A buddy and I decided while sitting in dead calm weather a couple weekends ago that it was time for a late season upland hunt east of the mountains. We spent that day watching thousands of ducks mill around on a mill pond flat Columbia River. We shot a few birds and got cold and decided we had just enough of that. After some chatting about options and areas we picked an area to hunt and made a hotel reservation.
I took last Friday off. I ran up to Brian's place on Thursday after work since we planned to head east before dawn. We headed out at 4:00 am and made it to the hunting area by 8:00 am. After a quick map review and discussion of Brian's last trip to the area we hit a spot and the hunt began with a bang. His German Wirehair Pointer is getting old and wears out quick. Schnootz started off strong and was pointing quail within a couple of minutes. Bella took a bit of time to get the scent figured out. She had never hunted quail. She got the scent down after a couple of retrieves. Both dogs were working well within 15 minutes. We got into more quail and a few rabbits while working thick brush in that spot. That first hunt ended with some quail in the bag and one rabbit. Then it was off to a nearby spot and repeat. Friday provided great hunting with Schnootz wearing out by noon with Bella taking up the slack. By noon she was on fire. She was picking up the scent up at a good distance, working the birds properly, and making all the retrieves just right. She worked close all day. I only had to be called back once when she broke on a fly away bird I missed. Which is a vast improvement over last season.
Friday started below freezing and rapidly warmed up to 66 degree with a very slight breeze. I ended up only taking one picture of a short afternoon hunt. We were busy enough I forgot to get out the phone. At one spot we found a couple of trees that were holding dozens of collared doves. We shot some as they flushed as we moved into the small group of trees> We set in to shoot the returning birds and it was only a few minutes before they started flocking back to the spot. We ended up back in that set of trees 5 different times over the weekend. We absolutely hammered the collareds. Being an invasive species there is no limit on them. This made for a perfect set up for old Schnootz to get some retrieves at close range. Bella and I worked on her staying steady to shot each time we were ambushing the doves. The pic below is of a few doves from our first stop at the dove trees.
Saturday started below freezing and blowing 30 mph. The day warmed quickly with lightening winds until noon. We hunted a riverbottom and found exactly zero birds all morning. The sloughs we hoped to find some ducks on were all frozen solid, as in actually solid all the way to the bottom. The ice surface was melted on them by noon but the anchor ice was still there. We didn't see any ducks, and a few geese way off in the distance flying somewhere. We spent the early afternoon back on our dove spot and working nearby brush pockets for quail. We managed to find some decent sized covey's during those hunts. Brian popped one rabbit on a snap shot as well. Schnootz was out for a walk and only made a couple retrieves. His old bones and joints had taken enough of a beating on Friday.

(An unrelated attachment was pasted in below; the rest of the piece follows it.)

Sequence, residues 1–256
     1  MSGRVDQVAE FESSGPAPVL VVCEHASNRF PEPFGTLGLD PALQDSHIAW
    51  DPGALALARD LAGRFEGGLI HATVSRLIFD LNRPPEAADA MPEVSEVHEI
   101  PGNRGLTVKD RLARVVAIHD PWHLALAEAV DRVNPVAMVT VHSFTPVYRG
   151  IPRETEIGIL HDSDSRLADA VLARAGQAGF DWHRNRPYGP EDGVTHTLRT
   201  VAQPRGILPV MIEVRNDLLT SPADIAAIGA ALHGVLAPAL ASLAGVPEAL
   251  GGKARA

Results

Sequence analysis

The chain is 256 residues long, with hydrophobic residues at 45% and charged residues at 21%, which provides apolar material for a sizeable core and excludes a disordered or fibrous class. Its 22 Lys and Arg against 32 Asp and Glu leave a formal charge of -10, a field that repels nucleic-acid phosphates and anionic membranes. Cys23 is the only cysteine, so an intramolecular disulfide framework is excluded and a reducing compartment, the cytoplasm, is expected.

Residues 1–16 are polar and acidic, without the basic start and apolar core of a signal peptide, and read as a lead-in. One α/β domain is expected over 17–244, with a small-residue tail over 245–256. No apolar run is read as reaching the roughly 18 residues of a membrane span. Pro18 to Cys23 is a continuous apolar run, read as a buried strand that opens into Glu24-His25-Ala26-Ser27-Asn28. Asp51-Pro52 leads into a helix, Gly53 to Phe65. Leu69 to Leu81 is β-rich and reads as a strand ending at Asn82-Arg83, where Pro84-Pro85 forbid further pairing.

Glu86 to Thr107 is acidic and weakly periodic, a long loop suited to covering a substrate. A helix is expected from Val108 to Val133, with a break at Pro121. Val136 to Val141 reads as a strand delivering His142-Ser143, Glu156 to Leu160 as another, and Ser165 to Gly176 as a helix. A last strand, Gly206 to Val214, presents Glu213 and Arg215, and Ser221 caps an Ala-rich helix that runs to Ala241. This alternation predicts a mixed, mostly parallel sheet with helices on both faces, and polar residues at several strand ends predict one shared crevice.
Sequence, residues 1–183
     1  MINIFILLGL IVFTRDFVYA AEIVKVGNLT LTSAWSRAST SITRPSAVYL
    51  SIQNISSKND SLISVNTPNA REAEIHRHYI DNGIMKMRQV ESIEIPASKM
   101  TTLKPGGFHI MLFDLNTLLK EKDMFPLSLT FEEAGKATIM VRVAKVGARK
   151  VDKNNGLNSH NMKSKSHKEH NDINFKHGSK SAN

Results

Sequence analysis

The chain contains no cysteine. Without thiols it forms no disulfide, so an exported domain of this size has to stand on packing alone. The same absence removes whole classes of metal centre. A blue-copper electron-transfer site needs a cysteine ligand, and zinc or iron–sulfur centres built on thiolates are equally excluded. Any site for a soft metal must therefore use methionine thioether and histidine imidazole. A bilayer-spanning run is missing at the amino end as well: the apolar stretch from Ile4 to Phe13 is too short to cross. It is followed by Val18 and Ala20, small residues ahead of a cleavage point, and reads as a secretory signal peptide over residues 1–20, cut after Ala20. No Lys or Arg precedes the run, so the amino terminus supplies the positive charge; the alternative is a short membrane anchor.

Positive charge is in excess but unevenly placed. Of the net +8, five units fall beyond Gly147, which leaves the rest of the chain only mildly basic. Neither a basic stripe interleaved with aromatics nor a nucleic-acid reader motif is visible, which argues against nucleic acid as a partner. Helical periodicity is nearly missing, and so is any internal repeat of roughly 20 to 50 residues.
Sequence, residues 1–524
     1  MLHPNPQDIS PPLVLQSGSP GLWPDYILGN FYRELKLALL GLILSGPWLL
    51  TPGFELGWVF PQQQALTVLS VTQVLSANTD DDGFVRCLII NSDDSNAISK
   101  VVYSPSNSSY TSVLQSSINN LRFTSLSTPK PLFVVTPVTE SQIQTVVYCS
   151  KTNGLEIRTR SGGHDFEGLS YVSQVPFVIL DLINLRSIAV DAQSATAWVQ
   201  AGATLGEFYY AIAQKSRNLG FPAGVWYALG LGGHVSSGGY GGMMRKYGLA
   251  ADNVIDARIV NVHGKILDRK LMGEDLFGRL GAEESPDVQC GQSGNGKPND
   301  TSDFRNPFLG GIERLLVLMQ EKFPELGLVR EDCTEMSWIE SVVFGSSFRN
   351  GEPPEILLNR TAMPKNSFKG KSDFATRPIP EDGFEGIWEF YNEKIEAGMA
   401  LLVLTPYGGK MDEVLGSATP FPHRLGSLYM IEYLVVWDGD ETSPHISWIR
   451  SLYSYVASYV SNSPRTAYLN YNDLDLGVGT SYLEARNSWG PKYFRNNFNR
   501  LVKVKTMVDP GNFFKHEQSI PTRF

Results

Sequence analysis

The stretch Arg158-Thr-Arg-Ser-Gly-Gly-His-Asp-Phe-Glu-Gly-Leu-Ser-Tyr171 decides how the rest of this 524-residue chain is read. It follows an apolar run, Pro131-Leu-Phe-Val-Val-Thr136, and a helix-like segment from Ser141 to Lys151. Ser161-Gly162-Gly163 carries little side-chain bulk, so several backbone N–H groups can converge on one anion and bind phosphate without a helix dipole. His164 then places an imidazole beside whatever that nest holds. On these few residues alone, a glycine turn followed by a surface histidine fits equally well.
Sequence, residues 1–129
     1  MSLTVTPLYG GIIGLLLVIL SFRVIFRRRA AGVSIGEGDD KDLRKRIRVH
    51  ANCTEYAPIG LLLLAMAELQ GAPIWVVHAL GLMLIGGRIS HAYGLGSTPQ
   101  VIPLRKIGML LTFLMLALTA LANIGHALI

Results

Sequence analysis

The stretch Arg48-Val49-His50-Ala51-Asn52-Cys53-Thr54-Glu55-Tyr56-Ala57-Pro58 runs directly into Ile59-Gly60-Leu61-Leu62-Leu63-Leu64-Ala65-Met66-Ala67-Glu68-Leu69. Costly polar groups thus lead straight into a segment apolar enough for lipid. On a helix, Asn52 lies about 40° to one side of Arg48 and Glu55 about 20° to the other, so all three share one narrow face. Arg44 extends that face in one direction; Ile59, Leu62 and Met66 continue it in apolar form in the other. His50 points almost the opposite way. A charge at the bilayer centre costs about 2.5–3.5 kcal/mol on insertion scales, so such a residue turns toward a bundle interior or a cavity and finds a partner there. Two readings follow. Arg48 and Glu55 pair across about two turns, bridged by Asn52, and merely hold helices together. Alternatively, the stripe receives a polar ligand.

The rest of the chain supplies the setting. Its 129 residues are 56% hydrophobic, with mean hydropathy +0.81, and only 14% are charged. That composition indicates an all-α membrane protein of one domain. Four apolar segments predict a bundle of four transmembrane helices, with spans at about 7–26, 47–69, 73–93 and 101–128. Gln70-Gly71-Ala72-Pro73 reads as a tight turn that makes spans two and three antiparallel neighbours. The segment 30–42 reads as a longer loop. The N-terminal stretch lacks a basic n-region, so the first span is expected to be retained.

Bella was on fire all day Saturday. She was working like a champ. She was finding, flushing, and retrieving birds like a well oiled machine. Brian kept having me run her over to him so she could make the longer retrieves that Schnootz couldn't make. She also handled all the brush falls. Old Schnootz was having none of it by that time. He would retrieve on open ground and close up falls adn that was it. Bella handled everything else.
We had settled back in the dove trees around 2:00 Saturday afternoon. We had a couple doves in the bag when we noticed a cloud of dust coming our way. The wind hit like a hammer a couple minutes later. Limbs started breaking and falling out of the trees around us. We saw one cottonwood about 150 yards away fall over in the first big gusts. I am guessing the first wind to hit us was 70 mph with gusts to 80. We moved out of the trees and could see rain coming our way. We headed for the truck a half mile away to sit out the storm. We actually had points in the walk where we were stopped in our tracks by wind gusts. By the time we got to the truck the rain was pouring down adn everyone was soaked. Bella was not liking the high winds at all. She kept trying to hunt her way back to the truck and would end up ducking behind the brush piles and anything solid to get out of the wind when it gusted.
By the time we were loaded up and headed back to town the squall broke. We stopped to get a good picture of Bella with her retrieves for the day before heading home. I was reminded of some things I should have remembered during the trip. I need to buy Bella a nice kevlar chest guard. The stickers, roses, and thorny brush scratched the heck out of her chest and leg pits. That and I need to buy her protective boots. The tack foot weeds were constantly slowing her down. I would pick them out and she would be right back in them in some areas.
All in all it was a great hunt with a good friend and what may have been the last hunt for old Schnootz. Bella was on top of her game after a little tune up. All in all it was a nice break from what has been a fairly slow duck season.
Oh, and duck hunting doesn't actually suck, except when you are killing dozens of birds in 65 degree weather in your T shirt in January instead of sitting in your boat watching ducks swim around and not decoy.